So, I got to read around 60 submissions from different founders, in-house marketers, freelancers, CEOs, etc.
A similar question came up twice:
"How to be fun while still being perceived as professional by C-Suite execs?"
"How can I get noticed without offending people and remaining professional?"
In other words, you might be asking yourself: “Can I radically stand out while still remaining professional?”
Quick answer: OF COURSE you can!
You don’t have to send audio notes on WhatsApp saying, “Yo yo yo, motherfucker” like I sometimes do.
You don’t have to say “Fuck!” every three sentences or do anything irreverent at all.
Let me put it to you this way…
I used to work for a place that considered itself professional.
Men had to wear suits; beards were not allowed…all the cliches you can think of in a corporate office.
Yet, they made misogynistic jokes all the time in open space, and they got blind drunk during work events.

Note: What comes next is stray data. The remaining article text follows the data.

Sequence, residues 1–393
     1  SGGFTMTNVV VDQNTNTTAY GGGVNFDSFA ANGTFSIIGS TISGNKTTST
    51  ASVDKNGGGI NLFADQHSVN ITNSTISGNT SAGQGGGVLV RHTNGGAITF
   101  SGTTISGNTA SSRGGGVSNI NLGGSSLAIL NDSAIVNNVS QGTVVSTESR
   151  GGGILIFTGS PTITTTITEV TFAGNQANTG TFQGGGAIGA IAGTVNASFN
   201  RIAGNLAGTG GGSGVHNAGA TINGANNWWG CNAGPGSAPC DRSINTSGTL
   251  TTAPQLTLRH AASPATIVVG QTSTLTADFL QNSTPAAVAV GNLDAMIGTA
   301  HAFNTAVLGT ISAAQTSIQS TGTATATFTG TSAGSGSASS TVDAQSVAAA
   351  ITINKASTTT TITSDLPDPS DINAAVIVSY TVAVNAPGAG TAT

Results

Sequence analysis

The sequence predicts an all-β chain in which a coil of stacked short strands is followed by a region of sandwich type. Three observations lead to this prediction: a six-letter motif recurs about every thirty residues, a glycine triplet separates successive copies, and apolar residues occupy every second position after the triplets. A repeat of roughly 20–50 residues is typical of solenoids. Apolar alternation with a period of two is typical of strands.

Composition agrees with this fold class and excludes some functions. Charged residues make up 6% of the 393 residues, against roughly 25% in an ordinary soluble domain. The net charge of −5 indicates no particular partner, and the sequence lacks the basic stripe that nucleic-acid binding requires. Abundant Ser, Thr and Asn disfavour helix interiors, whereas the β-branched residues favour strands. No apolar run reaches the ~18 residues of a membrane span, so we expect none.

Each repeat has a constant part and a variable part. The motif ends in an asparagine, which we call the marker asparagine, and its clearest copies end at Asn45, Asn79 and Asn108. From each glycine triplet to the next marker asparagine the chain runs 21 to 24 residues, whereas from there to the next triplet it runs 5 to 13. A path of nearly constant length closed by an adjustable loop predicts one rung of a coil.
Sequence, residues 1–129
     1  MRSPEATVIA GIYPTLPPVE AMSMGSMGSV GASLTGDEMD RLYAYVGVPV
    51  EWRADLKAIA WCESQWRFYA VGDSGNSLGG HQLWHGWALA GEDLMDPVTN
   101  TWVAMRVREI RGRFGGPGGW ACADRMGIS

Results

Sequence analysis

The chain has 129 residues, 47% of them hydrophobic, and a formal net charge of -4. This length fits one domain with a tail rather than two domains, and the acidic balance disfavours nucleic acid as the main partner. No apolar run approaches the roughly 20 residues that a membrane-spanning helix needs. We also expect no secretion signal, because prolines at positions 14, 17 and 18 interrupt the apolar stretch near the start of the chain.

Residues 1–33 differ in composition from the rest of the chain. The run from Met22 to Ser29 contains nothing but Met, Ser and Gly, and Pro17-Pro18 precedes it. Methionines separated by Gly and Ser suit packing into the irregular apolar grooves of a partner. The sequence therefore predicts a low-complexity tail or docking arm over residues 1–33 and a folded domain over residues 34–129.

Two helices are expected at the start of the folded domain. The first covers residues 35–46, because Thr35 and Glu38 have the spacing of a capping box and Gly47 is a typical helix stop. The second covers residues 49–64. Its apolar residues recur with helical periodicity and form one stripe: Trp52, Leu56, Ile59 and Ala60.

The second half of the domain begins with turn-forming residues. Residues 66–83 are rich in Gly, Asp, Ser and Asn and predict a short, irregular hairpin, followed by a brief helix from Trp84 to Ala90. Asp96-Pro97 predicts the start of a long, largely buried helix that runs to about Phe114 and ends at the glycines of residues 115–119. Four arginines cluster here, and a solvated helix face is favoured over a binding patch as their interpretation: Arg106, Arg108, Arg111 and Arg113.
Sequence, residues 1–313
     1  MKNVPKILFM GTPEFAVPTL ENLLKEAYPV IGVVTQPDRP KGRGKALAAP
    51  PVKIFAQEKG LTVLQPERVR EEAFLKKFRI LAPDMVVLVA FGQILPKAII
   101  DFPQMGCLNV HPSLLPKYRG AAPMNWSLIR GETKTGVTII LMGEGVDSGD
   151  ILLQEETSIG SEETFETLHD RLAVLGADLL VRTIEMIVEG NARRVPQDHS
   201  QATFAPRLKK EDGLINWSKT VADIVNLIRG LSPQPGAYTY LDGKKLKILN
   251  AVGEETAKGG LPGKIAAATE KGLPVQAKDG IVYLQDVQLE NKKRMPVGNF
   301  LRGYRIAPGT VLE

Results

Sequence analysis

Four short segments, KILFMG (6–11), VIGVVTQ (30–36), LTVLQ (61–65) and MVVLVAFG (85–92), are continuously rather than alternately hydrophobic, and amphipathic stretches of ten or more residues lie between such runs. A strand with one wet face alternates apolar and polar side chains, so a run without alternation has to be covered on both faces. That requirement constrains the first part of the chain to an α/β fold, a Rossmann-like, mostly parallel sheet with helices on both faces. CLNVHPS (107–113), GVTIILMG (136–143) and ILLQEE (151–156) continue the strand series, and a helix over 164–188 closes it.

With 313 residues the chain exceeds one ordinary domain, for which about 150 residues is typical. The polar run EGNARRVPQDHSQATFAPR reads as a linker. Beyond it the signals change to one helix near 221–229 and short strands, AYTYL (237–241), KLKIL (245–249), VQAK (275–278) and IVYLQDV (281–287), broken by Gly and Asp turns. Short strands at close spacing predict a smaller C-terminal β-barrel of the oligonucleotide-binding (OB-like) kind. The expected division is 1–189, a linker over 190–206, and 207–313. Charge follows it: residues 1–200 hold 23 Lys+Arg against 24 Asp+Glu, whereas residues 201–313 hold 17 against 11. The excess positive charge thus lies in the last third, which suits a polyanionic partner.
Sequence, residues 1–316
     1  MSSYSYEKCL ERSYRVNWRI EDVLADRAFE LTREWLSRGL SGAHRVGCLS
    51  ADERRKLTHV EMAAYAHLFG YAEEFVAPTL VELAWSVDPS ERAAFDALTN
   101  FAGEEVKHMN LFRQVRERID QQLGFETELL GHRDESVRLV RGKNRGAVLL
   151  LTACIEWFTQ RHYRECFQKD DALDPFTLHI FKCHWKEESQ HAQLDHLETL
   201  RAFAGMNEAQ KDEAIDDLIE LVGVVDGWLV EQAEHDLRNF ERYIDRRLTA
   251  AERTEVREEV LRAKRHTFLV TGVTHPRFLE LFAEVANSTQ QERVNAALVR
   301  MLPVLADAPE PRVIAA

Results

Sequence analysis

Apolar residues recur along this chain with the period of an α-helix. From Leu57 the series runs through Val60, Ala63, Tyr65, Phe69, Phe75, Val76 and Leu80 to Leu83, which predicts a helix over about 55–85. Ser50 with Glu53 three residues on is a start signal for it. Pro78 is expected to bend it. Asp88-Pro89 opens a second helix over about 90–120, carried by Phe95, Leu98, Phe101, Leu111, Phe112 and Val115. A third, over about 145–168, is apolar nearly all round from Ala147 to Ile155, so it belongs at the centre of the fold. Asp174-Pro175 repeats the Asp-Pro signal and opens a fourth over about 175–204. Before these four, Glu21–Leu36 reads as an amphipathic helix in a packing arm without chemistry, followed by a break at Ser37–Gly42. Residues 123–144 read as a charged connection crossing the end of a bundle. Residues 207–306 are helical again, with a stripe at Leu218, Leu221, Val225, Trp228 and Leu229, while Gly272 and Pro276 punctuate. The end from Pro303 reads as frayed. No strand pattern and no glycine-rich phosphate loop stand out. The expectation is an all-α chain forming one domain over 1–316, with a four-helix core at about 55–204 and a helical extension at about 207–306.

Is that what it means to be professional?
Here's how Seth Godin defines it:
Notice there’s nothing there about wearing suits and being clean-shaven.
At its heart, radical differentiation is a positioning method to become:
I believe there are three principles of being a true professional.
Let’s take a fictional example.
Let’s say you’re offering gardening services to people who have huge properties.
You could have two types of clients: Prince Charles or Ozzy Osbourne.
Prince Charles probably expects his gardener to be well-groomed, proper-mannered, and to have a pristine background with a glittering reputation. To him, anything else is unprofessional.
That’s his worldview.
Ozzy Osbourne, on the other hand, probably wants a gardener who isn’t so uptight, who won’t glare judgmentally at him as he smokes a blunt beside the pool in his underwear. To him, anything else is unprofessional.
That’s also his worldview.
You can’t be perceived as professional by both Prince Charles and Ozzy Osbourne, and if you try to be professional to both, you likely won’t be perceived as professional by either person.
You have to go all-in in one direction.